The story opens with the rig community celebrating its first year of having electricity (produced by a generator that in turn is fueled by gas from decomposing refuse). Their food comes mainly from chickens and from gardens filled with vines and other "climber" crops to maximize space on these confined rigs. For whatever supplies can't be obtained on site there are regular trips ashore.
The matriarch of the oil rig community, Jenny Sutherland, is tough and weary beyond her years and leads her people with a firm hand. She vigilantly enforces the community's rules of conduct. For example, there's no praying or ministering in public spaces, since that could easily lead to a slippery slope in which all religious faiths were vying for recognition.
The plot crosscuts among several parallel threads. In one of them, Jenny's restless son Jacob runs away from home with another boy to see the world. But as the two of them soon discover, the monotony of life on the rigs isn't so bad compared to the threat of being eaten alive by feral child cannibals or shot to bits by an army of brainwashed adolescent warriors. Another plot thread centers on the manipulative mastermind commanding this last group–who buys their allegiance with access to booze, drugs, girls and arcade games–and his plan to use Jake and his friend against their own people in a plot to plunder the rigs' resources. The final major plot strand concerns rig newcomer Valérie Latoc, a well-spoken Frenchman who disarms everyone with his debonair manner, but who harbors a secret, sinister agenda.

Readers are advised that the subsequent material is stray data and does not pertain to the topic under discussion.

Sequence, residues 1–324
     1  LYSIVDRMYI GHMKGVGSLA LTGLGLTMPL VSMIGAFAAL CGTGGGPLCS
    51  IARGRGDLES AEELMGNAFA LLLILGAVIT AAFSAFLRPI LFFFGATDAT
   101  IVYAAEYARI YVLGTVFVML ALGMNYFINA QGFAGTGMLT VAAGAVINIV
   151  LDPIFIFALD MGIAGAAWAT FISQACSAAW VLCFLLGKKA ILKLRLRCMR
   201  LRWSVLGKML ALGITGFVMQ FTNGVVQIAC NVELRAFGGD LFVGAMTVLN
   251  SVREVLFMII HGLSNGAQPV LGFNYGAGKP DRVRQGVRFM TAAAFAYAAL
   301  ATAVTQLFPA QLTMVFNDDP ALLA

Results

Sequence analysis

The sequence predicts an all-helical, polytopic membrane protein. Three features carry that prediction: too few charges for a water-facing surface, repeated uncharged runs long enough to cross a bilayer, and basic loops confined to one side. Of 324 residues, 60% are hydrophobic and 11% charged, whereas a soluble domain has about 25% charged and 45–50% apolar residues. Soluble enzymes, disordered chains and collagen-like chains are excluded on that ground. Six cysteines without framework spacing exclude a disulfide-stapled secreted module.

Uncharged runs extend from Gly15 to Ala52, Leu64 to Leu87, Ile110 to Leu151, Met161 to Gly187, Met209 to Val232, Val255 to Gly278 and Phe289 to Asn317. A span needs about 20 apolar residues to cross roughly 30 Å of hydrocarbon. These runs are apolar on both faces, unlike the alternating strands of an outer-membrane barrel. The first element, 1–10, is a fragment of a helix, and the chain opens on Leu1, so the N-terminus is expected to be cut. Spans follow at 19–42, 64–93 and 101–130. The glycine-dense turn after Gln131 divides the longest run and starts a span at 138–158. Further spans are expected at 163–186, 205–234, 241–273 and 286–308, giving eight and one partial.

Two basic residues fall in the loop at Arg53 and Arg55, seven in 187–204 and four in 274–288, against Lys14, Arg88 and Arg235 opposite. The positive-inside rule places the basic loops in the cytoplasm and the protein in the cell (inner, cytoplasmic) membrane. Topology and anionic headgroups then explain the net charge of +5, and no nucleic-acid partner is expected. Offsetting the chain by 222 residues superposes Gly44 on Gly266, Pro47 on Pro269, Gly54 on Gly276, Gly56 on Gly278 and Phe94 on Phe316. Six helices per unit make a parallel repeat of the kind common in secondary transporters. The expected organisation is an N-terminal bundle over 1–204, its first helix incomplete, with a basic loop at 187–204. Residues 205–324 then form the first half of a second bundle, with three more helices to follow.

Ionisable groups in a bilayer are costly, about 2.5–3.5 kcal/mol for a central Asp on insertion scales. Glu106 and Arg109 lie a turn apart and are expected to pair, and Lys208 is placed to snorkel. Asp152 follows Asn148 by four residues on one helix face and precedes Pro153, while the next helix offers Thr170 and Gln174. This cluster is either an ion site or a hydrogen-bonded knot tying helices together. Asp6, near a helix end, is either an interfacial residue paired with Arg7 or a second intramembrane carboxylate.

Overall, Afterlight is a readable tale set in a plausible post-oil future. It's as gritty as its predecessor, but far more involving and less forced. It's also seemingly final, though if this installment is popular enough, there's every reason to believe that we could once again hear from the Sutherlands–just as surely as the venerable Sherlock Holmes returned after appearing to die in battle with his nemesis Moriarty.
1. Canadian Press, "Oil Spill Damages Sought," Phoenix, Sept. 27, 1973, http://news.google.com/newspapers?id=JEZhAAAAIBAJ&sjid=bnANAAAAIBAJ&pg=5510,1733396&dq=oil+spill+damages+sought&hl=en (accessed Mar. 29, 2011); Douglas Coupland, interview with Allan Gregg, "Allan Gregg in Conversation: Douglas Coupland on 'Generation A,'" TVOntario, Ontario, Canada, Apr. 24, 2010, http://www.podcast.tv/video-episodes/douglas-coupland-on-generation-a-12893131.html (accessed Mar. 29, 2011); Coupland, interview with Gregg, "Douglas Coupland - Player One - Preview," TVOntario, Feb. 11, 2011, http://www.tvo.org/TVO/WebObjects/TVO.woa?videoid?774619199001 (accessed Mar. 29, 2011).
2. "The CBC Massey Lectures," CBC, http://www.cbc.ca/ideas/masseys.html (accessed Mar. 29, 2011); "2010 Massey Lectures: Douglas Coupland's Player One," CBC Books, Nov. 9, 2010, http://www.cbc.ca/books/2010/11/2010-massey-lectures-douglas-couplands-player-one.html (accessed Mar. 29, 2011).
3. Coupland, interview with Gregg, "Douglas Coupland on Generation A."
4. Kyle Smith, "Picks and Pans," People Magazine, vol. 56, no. 12 (Sept. 17, 2001), http://www.people.com/people/archive/article/0,,20135339,00.html (accessed Mar. 29, 2011).
5. Paolo Bacigalupi, interview with Liz Burns, "Interview: Paolo Bacigalupi," School Library Journal, New York, Dec. 6, 2010, http://blog.schoollibraryjournal.com/teacozy/2010/12/06/interview-paolo-bacigalupi (accessed Mar. 29, 2011).
6. "Award-winning Books for Kids 2010," Elmhurst Public Library, http://www.elmhurstpubliclibrary.org/Kids/AwardWinningBooksforChildren.php (accessed Mar. 29, 2011); "2010 National Book Award Finalist, Young People's Literature," National Book Foundation, http://www.nationalbook.org/nba2010_ypl_bacigalupi.html (accessed Mar. 29, 2011).
7. Alex Scarrow, "Alex," The Scarrow Brothers, http://www.scarrow.co.uk/page4.html (accessed Mar. 29, 2011).